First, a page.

I could argue that this is far, far from simple guesswork, and some of you would believe me, while others would scoff.  That’s fine.  I’ll just report our findings and let you draw what conclusions you will.

 

The photos below show what remains of one of Mallorca’s many talayots.  Notice the huge stones compared to the far smaller ones used in habitation construction shown in my previous post on this subject.

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The entrance leads to this winding passageway, built into the wall of the structure.  The archway (visible behind the huge stone on the right) opens with a steep step down into an open circular space.  Due to the thickness of the walls, this inner area is only 3 or 4 metres across.

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This photo shows the massive column in the centre of the talayot’s inner space.  Like so many of the stones used in the ancient sites, it is riddled with veins of quartz crystal and there is a palpable energy around it.  Our minds can’t know what the original purpose of this structure was, but perhaps our subtle senses can …

From London, Will was able to tune in at once.  He remotely viewed a structure that appeared to rise suddenly out of the ground like a cliff.  He defined it as a ruin with steps and an archway.  He sensed the roundness and saw (invisible to us) writing or symbols that seemed to involve triangles.  He felt an energy signature which linked to animals.  These were not, he insisted, the sheep whose bells tinkled in the surrounding fields or passing birds or wildlife, but something connected to the original function of the place.

Kate used her dowsing rods to pick up energy lines within the talayot and beyond its walls, particularly to the left of the entrance.  She felt that this could show the extent of a nearby settlement.  A Mallorcan lady who accompanied us – one who routinely dowses her land for water sources – was able to find a much wider band of energy in the surrounding field.

We used my pendulum to reach guidance from those who were able and willing to share knowledge with us.  We were told that the talayots attached to villages were not for everyday use.  They were places of magic.  An elite group of shamanic elders travelled the island, performing ceremonies within the talayots, healing the sick and the land, observing the sun and moon’s progress through the skies, watching stars and comets, and using the structures as ‘libraries’ – repositories for knowledge handed down through the ages.  There was a connection to birds.  The idea of the shamanic ‘bird-man’ – able to shape-shift or link to the spirits of the black falcons who circle above – was a fleeting yet persistent image.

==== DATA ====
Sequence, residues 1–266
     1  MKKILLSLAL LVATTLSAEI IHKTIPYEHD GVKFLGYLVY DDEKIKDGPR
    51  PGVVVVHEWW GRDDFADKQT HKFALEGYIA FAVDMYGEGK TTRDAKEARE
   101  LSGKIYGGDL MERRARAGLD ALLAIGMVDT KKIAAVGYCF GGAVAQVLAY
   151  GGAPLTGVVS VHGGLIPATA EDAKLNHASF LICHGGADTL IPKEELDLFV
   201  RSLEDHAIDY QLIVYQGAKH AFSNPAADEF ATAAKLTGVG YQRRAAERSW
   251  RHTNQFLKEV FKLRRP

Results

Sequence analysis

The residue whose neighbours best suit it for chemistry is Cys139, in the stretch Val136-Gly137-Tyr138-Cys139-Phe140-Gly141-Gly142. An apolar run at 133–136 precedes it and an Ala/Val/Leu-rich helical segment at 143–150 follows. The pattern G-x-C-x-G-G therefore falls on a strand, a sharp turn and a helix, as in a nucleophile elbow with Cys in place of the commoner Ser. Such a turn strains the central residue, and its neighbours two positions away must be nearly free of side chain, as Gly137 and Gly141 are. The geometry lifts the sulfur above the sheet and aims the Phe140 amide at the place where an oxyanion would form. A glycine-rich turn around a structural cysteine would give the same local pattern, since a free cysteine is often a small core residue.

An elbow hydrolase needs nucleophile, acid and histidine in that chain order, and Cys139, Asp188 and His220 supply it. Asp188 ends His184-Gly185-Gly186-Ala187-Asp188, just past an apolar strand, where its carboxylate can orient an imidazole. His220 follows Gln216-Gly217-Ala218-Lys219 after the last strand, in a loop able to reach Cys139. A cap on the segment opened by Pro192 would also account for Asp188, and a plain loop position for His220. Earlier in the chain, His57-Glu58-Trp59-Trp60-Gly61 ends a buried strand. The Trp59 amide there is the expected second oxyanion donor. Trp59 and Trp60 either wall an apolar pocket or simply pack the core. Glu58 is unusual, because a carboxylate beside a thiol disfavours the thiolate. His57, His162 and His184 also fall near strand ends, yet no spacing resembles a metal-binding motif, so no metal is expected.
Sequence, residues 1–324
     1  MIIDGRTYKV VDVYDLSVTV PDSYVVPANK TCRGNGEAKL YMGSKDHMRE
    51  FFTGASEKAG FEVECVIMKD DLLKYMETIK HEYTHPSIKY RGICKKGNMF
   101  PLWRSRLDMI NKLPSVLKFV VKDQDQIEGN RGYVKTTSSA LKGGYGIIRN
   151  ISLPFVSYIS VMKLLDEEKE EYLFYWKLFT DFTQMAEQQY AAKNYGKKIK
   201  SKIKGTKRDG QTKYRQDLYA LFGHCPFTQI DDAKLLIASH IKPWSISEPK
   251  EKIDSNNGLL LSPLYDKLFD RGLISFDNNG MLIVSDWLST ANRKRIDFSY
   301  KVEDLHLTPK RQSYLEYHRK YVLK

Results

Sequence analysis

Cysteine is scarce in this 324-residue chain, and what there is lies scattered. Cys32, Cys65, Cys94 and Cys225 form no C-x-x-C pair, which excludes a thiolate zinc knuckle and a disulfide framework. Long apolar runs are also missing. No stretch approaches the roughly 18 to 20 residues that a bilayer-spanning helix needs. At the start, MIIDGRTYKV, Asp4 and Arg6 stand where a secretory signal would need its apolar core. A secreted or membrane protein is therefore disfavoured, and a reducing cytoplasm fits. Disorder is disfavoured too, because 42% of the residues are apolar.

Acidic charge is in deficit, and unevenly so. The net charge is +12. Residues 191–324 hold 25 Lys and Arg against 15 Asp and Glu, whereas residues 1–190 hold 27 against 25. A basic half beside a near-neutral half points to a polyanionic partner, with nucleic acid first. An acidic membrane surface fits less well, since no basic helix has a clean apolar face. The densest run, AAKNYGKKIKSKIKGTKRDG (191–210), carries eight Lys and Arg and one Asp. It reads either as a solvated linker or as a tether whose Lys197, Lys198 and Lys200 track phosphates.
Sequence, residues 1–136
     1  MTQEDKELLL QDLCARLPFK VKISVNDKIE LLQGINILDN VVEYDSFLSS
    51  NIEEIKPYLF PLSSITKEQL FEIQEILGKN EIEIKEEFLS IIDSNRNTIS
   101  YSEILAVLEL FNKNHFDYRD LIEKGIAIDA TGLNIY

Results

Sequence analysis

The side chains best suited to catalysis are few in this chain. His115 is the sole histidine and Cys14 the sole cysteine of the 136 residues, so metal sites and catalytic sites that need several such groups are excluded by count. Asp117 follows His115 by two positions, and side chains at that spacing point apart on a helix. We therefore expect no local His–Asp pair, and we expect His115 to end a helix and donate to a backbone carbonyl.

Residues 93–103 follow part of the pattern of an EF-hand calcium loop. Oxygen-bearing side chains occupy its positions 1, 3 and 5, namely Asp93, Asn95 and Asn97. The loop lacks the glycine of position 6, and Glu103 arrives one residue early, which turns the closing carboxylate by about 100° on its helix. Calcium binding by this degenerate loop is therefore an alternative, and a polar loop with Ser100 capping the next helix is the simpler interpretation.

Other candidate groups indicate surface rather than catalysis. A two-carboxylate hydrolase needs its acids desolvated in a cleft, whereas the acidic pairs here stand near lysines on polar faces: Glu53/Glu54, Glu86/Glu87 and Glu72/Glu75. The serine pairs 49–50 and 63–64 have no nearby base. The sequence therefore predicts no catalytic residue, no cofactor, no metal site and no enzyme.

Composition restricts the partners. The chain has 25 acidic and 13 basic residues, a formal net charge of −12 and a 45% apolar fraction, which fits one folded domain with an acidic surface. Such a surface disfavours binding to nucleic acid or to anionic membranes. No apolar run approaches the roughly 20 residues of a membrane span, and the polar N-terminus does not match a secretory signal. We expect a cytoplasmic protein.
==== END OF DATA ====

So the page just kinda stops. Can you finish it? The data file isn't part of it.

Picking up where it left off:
By synchronicity, I had been reading a passage from Seth Speaks on the journey out.  Seth had been describing ‘co-ordination points’ – locations where different dimensions intersected.  In these, he claimed, gravity is slightly different and anything built in such places lasts far longer than might be expected.  He cited the example of the Egyptian pyramids.  A Mallorcan man told me that there persists on the island a feng shui type belief that certain directions and positions can be found which are more auspicious for building than others…

As for the construction, in meditation I was shown the difference between attempting to lift a person as a dead weight, and one who is willing to be moved.  The latter is, of course, many times easier.  I sensed the rock as a conscious living substance – as alive and buzzing with atoms and molecules as we are; it is something sentient in its own right.  I felt the ancestors connecting their will – their energy – to that of the stone.  I felt a tremendous co-creative synergy between the people and the rock, allowing vast megaliths to be quarried, moved and placed into position.  There are woodcutters, still, who will speak to trees – explaining why they are to be cut, what their timber will become and enlisting their co-operation in what will be a joint enterprise.  I believe the ancient master masons had this connection to the stone, and their great works, constructed with care and awe on Seth’s co-ordination points, endure.

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Kate dowsing beside a talayot, November 2015

Perhaps, by putting reasoning and logic aside, we were able to move through time as easily as William’s thoughts moved through space, to approach something of the origins of these sacred and ancient places.

 

 

Kate hopes to organise another tour of the sacred places of Mallorca in April 2016.  Let me know if you’d like me to put you in touch with her.